Income Tax Reform
The Missouri House took a considerable step toward tax reform and economic rebound this week, perfecting and passing HCS SS SCS SB 26, 11 & 31. This bill will reduce income taxes at all levels.
Missouri must have a friendly business climate in order to compete in the global economy, and attract businesses to our state. This bill also rewards the hard work of individuals and the risks of entrepreneurs.
Over a five-year period, this legislation will reduce the individual income tax from the current six percent rate to 5.33 percent and Missourians with incomes under $20,000 will receive a $2,000 income tax deduction. For businesses, the current corporate income tax rate of 6.25 percent will go down to 5.5 percent and the businesses first $25,000 of corporate income won’t be taxed at all. The most important cut, however, is the 50 percent reduction on the business “pass through” income tax. These “pass through” corporations – the sole proprietorships, partnerships, and S-corporations – generate more than half of the business income in the United States. Small businesses are truly what keep this country – and this state – moving.
Missouri will make up for the revenue difference by phasing in a 0.6 percent sales and use tax over the next five years. Opponents of tax reform say this will devastate the poorest Missourians, but this is false. Necessities like food, gasoline, and mortgages will not see any sales tax increase. Meanwhile, individuals who have the means to buy new cars every year will make their contribution through an increased sales tax.
To ensure Missouri does not have a revenue deficit crisis, the bill has a built-in stopping device. Each phase of the individual and corporate income tax cut is dependent on a revenue increase of at least $100 million from the previous fiscal year. Simply put, if the tax cut doesn’t work as expected, we won’t continue it.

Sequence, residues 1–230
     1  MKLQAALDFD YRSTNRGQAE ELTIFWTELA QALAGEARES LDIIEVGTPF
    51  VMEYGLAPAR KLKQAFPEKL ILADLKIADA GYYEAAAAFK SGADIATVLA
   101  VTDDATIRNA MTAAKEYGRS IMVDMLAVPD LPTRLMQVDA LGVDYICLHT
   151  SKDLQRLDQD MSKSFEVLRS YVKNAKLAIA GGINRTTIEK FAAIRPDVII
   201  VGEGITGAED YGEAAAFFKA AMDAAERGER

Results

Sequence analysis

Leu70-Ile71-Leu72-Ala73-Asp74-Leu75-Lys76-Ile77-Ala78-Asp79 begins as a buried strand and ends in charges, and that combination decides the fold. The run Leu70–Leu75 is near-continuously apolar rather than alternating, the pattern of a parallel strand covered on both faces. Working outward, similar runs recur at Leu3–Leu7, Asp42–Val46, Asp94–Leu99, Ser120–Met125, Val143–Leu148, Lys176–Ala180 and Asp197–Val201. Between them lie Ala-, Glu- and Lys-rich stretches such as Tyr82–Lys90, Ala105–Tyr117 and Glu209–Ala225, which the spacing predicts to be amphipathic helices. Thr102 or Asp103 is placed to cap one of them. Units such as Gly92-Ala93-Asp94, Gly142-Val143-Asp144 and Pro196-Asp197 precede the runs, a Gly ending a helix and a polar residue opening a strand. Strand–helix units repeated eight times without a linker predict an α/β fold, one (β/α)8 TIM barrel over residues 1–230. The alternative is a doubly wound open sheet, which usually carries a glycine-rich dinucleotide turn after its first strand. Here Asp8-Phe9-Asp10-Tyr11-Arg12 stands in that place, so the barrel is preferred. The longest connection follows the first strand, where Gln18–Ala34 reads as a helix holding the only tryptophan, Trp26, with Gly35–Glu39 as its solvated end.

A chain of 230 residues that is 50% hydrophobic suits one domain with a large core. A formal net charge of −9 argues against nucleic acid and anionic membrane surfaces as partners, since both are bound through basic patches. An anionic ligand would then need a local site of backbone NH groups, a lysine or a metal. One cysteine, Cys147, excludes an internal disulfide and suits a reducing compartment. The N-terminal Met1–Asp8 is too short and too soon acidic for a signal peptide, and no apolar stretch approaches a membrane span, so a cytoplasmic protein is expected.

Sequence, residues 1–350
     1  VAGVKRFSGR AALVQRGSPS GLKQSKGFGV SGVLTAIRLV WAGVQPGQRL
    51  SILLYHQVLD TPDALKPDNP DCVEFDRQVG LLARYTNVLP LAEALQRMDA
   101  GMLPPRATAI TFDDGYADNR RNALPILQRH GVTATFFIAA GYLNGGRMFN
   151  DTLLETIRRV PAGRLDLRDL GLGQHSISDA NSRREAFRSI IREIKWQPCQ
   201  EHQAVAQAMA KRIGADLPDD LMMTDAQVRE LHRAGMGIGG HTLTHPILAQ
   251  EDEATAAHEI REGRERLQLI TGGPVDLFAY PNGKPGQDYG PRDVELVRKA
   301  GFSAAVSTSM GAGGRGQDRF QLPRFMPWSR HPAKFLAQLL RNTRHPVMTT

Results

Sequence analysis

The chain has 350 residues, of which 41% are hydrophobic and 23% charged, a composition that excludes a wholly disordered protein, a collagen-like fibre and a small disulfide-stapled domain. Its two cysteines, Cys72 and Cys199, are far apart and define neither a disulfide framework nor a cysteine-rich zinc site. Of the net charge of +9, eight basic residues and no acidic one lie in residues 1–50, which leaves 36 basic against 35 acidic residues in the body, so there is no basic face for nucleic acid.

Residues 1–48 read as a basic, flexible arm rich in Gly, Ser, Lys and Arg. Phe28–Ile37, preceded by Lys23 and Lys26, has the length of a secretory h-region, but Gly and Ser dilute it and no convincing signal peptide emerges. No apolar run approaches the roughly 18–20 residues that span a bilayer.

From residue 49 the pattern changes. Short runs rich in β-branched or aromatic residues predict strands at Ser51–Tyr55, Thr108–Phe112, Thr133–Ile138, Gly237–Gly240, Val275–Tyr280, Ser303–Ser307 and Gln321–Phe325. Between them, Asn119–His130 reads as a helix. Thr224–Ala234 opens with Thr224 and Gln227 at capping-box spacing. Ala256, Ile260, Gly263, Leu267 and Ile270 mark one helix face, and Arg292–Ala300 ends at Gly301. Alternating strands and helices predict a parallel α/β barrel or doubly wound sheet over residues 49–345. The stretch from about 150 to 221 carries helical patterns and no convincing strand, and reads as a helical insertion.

Overhauling our tax structure will undoubtedly mean some changes, but these will be positive changes with many benefits for Missouri Families. A cap on revenue will force future legislators to be good stewards of Missourians’ tax dollars, instead of jumping to create a new government program every time a problem arises. New programs often start with good intentions, but more often than not, half the money allocated to programs for the less-fortunate goes to administrative costs. In other situations the programs produce little benefit with less than promised results.
The legislature should not be in the business of creating government jobs. Bureaucratic jobs often outlive their use and under employ their workers. In the past few months we have seen federal employees – educated, hardworking individuals – lose their jobs due to sequestration. The only way to stop this trend is to encourage businesses to open up in every town and city. We have to remove the barriers for smart, dedicated individuals to set up their own shops and furthermore, we need to encourage families to reinvest in the local economy by allowing them to keep more of their money.
That is what SB 26 does for our state. It enables entrepreneurs to fulfill their dreams of starting a local business. It attracts corporations to relocate to Missouri, bringing with them hundreds of positions for good, family-sustaining jobs. And it gives Missourians a break, allowing them to keep more money and spend it as they like, on goods and services in their local economies, and giving their own neighbors a helping hand.
SB 26 now returns to the Senate for final legislative approval before heading to the Governor’s desk. This measure is something both the House and Senate believe in. We will continue to work on this legislation to help our state rebound, and put more of your hard earned dollar back in your pocket.
As always, please do not hesitate to contact my office if I can ever be of assistance to you. I can be reached by phone at 573-751-4028 or by email at firstname.lastname@example.org